Bocarro, J. N., Kanters, M. A., Edwards, M. B., Casper, J. M., & McKenzie, T. L. (2014). Prioritizing School Intramural and Interscholastic Programs Based on Observed Physical Activity. American Journal of Health Promotion, 28(sp3), S65-S71.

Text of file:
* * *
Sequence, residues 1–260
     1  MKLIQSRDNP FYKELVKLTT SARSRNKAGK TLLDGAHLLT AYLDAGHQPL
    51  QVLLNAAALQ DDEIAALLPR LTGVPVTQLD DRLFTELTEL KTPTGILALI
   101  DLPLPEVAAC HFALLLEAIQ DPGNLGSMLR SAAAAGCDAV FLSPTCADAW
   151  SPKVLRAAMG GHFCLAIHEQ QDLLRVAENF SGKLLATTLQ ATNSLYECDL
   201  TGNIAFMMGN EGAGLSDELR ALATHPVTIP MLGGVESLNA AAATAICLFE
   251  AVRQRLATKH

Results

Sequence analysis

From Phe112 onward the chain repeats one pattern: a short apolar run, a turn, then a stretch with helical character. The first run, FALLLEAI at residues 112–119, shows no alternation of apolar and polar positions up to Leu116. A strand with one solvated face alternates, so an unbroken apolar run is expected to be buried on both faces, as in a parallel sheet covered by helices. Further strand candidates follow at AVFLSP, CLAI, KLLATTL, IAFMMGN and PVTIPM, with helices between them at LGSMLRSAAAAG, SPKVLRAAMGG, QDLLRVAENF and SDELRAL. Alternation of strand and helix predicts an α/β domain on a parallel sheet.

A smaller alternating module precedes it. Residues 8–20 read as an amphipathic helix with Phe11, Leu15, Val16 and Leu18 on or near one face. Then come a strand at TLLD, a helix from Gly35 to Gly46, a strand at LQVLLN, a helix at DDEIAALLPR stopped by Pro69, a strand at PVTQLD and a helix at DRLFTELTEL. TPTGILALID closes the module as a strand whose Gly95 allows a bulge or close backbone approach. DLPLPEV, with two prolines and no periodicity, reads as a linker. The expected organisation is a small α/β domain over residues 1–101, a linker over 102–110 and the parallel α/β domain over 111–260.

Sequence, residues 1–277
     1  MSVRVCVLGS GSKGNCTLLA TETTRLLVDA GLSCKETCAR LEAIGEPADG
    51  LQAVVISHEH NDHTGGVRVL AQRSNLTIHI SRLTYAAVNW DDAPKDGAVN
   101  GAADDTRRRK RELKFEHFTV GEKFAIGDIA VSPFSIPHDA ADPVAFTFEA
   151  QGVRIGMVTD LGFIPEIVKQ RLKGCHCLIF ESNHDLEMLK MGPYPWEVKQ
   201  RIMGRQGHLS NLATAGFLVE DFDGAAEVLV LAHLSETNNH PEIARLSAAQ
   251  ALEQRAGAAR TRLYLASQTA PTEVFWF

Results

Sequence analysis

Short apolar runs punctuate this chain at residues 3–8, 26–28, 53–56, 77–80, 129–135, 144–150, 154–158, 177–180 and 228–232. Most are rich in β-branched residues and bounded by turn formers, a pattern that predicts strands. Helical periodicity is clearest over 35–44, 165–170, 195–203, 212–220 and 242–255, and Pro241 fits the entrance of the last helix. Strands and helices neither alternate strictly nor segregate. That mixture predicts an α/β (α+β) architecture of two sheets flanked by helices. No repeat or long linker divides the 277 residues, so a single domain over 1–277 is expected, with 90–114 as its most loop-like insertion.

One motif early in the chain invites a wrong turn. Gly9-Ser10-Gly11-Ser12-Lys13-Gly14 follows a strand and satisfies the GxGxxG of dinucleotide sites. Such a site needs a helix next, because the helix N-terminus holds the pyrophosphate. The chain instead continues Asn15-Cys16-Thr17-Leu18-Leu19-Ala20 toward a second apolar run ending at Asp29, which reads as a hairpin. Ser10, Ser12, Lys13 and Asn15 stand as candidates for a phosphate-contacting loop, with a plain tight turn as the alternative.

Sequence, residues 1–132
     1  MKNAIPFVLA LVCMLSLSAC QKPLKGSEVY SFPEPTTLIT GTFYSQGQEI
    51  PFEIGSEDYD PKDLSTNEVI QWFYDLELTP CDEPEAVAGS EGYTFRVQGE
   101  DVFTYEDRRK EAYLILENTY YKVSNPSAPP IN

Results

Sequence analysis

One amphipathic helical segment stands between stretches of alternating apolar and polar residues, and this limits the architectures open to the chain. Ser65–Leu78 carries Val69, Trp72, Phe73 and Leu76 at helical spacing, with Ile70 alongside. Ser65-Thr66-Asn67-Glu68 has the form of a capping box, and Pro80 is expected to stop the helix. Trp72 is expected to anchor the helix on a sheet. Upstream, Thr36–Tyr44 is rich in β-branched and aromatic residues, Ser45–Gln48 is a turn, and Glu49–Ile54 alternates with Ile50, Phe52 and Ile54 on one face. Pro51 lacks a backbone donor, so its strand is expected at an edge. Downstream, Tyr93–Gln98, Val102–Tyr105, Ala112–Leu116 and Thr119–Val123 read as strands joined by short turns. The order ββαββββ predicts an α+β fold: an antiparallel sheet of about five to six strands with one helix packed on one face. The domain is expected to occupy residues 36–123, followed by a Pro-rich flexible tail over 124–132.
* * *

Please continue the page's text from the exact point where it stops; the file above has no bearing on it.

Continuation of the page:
PURPOSE: To examine which school sports engage children in more physical activity. DESIGN: Observational, cross-sectional study examining differences between intramural (IM) and interscholastic (IS) sports. SETTING: Athletic facilities at two schools with IM sports and two schools with IS sports in Wake County, North Carolina. SUBJECTS: Middle-school children (N = 6735). MEASURES: Percentage of children observed in sedentary, moderate, and vigorous activity assessed by the System for Observation Play and Leisure Among Youth (SOPLAY). Energy expenditure and physical activity intensity were also estimated by using MET values. ANALYSIS: T-tests; generalized linear model using cumulative logit link function. RESULTS: IM sports had higher MET values than IS sports (t = −3.69, p < .001), and IM sports ranked in four of the top five sports in terms of average MET values. Regression models found a significant interaction between school sport delivery model and gender, with boys significantly less physically active in IS programs than boys in IM programs (B = −.447, p < .001) but more physically active (B = .359, p <.001) than girls in IM sports. CONCLUSION: Regardless of sport type, IM sports generated more physical activity than IS sports among boys but not girls. Soccer, basketball, and track, regardless of school delivery approach, provide the highest physical activity levels. Results suggest that school administrators consider reassessing their programs to more efficiently use diminishing resources to increase students' physical activity levels.